Will CECL Affect How Businesses Get Loans?

Will CECL Affect How Businesses Get Loans?

Will CECL Affect How Businesses Get Loans? Most businesses, large and small, depend on credit to operate. Whether this credit is used for daily operations, improvements, investments, or other types of funded transactions, accessing credit to meet these obligations is often crucial. The process of obtaining credit might soon change as financial institutions begin implementing the new current expected credit loss (CECL) standard. Read on to find out more about the CECL and what it might mean for your business.

What is CECL?

The CECL is the new standard issued by the Financial Accounting Standards Board (FASB) that measures expected credit losses in regard to accounting practices by financial institutions.

Published in 2016 as a replacement for FAS-5 and FAS-114 and set to be implemented in December 2019, CECL will calculate the expected credit loss throughout the life of the loan. That contrasts with the previous incurred-loss method, which only measured credit losses after a probable threshold of loss. This change is in direct response to the financial crisis of 2008, and it’s meant to better reflect the actual financial condition of financial institutions.

What’s Evaluated?

Financial institutions can look at cumulative loss rate, migration analysis, remaining life, and the probability of default methodologies to estimate their CECL allowances for credit losses. The probability of default looks at different asset types to determine categories that loans qualify for. These assets are typically grouped as short-term (life under a year) or long-lived (life of at least one year) assets. This can affect the availability of small business credit lines at certain financial institutions.

Products Affected

The actual impact of CECL will not be known fully until some time has passed after its implementation. However, banks and other financial institutions currently are making changes in anticipation of its rollout. Some of the products that are expected to be affected include long-term loans because of the new life-of-the-loan expected credit losses that will be calculated. Lenders may now favor short-term loans, and they might increase their interest rate spread on longer-term loans.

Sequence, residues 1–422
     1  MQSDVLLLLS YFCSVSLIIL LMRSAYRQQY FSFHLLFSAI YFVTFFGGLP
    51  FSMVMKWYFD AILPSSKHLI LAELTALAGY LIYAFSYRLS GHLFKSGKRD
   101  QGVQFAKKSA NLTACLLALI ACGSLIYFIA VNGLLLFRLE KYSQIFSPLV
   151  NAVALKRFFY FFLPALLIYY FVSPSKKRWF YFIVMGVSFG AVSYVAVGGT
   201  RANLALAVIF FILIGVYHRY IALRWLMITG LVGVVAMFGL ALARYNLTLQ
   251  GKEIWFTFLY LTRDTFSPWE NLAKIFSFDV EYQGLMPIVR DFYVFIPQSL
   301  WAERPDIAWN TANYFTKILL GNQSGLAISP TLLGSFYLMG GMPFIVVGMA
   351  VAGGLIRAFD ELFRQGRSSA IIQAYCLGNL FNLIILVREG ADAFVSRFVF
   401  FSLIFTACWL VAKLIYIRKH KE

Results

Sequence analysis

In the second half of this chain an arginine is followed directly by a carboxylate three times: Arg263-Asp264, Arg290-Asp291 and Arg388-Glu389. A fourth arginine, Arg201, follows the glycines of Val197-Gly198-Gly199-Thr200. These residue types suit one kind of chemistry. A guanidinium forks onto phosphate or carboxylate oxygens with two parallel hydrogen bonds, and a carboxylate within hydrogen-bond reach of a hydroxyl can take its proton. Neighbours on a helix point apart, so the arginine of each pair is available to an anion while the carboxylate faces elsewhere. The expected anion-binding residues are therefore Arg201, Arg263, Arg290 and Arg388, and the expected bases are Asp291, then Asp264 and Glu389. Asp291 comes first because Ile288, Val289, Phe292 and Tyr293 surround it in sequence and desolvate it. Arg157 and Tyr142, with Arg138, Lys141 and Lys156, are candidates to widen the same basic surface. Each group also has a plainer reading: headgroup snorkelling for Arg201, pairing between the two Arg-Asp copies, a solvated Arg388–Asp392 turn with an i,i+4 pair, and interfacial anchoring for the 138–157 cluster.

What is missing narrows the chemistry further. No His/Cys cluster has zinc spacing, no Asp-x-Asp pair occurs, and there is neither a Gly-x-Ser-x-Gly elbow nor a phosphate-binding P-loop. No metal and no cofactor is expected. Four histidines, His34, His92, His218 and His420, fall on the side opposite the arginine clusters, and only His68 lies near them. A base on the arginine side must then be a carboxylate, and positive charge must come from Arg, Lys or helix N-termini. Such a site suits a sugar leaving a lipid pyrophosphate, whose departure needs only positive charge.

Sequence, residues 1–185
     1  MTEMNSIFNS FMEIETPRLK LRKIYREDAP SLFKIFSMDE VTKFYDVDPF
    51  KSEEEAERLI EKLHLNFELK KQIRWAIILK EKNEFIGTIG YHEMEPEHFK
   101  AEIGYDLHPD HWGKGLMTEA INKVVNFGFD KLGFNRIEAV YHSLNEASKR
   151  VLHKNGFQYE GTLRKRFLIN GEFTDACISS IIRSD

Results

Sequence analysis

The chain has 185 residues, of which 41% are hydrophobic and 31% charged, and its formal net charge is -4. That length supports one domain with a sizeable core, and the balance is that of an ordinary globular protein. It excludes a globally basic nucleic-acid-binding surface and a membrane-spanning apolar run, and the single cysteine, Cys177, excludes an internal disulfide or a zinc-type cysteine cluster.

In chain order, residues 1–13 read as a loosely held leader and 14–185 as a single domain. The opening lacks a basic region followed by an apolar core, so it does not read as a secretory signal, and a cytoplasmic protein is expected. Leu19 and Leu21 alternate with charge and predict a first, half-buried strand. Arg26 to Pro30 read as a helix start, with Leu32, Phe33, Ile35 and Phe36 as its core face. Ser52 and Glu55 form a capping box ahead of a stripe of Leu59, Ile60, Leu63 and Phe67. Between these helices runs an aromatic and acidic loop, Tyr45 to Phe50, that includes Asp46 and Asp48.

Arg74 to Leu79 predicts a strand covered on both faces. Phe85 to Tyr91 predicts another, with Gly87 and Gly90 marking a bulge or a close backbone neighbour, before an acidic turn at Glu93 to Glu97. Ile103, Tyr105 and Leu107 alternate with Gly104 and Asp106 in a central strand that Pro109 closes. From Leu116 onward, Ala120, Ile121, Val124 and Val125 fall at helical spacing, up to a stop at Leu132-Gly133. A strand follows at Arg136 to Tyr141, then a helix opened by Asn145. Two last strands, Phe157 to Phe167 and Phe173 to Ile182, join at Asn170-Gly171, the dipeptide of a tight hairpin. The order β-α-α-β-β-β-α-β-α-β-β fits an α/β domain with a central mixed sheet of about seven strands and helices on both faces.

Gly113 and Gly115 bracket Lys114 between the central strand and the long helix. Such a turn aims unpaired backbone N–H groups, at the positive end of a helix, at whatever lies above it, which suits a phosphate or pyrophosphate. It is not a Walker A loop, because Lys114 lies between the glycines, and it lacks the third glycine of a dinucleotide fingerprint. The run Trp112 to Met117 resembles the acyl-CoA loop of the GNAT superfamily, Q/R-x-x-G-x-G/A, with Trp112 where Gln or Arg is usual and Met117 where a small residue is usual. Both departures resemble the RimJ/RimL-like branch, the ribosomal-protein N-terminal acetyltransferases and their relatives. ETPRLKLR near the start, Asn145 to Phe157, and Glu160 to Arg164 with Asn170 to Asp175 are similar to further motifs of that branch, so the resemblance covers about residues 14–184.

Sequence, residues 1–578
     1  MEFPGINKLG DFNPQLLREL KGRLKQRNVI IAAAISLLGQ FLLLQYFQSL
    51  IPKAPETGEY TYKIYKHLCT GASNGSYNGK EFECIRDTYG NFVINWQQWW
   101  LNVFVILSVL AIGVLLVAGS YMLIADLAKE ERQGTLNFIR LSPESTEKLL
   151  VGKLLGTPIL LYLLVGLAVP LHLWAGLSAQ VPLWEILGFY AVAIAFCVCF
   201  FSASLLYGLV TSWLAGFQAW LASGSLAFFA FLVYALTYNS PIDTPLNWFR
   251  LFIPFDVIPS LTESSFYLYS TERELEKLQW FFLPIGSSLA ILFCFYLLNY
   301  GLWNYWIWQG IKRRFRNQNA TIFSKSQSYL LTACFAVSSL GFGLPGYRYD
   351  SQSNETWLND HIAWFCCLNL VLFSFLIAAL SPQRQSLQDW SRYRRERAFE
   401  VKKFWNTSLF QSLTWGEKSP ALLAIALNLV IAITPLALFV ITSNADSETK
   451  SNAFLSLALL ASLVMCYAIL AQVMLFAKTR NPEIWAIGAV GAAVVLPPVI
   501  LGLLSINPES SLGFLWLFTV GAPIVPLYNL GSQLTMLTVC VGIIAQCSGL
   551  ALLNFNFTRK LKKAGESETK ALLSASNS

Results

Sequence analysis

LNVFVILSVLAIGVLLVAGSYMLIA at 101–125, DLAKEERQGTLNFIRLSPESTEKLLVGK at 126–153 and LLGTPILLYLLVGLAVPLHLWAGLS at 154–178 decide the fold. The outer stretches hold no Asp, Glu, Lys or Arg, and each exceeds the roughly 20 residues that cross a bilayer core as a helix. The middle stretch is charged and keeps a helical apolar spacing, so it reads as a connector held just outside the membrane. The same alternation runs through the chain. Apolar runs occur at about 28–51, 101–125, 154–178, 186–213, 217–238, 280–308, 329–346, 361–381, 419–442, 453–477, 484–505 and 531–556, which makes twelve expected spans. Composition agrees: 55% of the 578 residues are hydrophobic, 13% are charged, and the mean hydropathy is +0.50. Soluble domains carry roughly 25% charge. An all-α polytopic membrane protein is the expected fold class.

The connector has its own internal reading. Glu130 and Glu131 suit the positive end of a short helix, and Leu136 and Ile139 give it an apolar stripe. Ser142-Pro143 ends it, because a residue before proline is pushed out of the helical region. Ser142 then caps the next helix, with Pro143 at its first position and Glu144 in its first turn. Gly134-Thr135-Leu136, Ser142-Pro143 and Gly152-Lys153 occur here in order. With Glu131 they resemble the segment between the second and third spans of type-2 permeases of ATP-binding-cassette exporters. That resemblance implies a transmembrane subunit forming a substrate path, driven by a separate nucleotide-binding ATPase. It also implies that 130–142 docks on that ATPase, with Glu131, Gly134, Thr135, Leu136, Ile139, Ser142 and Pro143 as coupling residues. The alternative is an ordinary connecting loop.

CECL Impact

  • Larger allowances will be required for most products. It is argued that this effect alone can change the structure of the products to scale down the impact.
  • As allowances will increase, the pricing of the products will change to reflect the higher capital costs.
  • Losses modeling will change. This will impact both data collection (data need to be more granular) and modeling methodology (backward-looking over a short period of time to forward-looking for the life of the loan).

Business owners are feeling concerned about how these new credit loss calculations could impact their businesses now and in the future. Acquiring credit might become more complicated, and banks might offer different types of loans as compared to previous loans. Now could be a good time to look into alternative lenders. In any case, gaining an understanding of the new CECL will be helpful for these businesses as they navigate new financial waters.

CECL Criticism

The Bank Policy Institute points out that CECL forces banks to recognize expected future losses immediately, but does not allow them to recognize immediately the higher expected future interest earnings banks receive as compensation for risk. This could result in a decrease in the availability of lending to non-prime borrowers, stunting economic recovery following a downturn.

Another criticism regarding CECL is that in order to estimate expected credit losses, banks are required to forecast the state of the economy. As noted by the American Bankers Association (ABA), “Forecasting is difficult, even for the experts… forecasting organizations largely missed forecasting the financial crisis and openly admit the difficulty in forecasting turns in the economic cycle.” Additionally, CECL was implemented primarily to force banks to maintain countercyclical reserves. Per the American Banker, all thorough analyses of the effect of the new rules have shown, to differing degrees, that allowances will continue to be procyclical after CECL comes into force during 2020.

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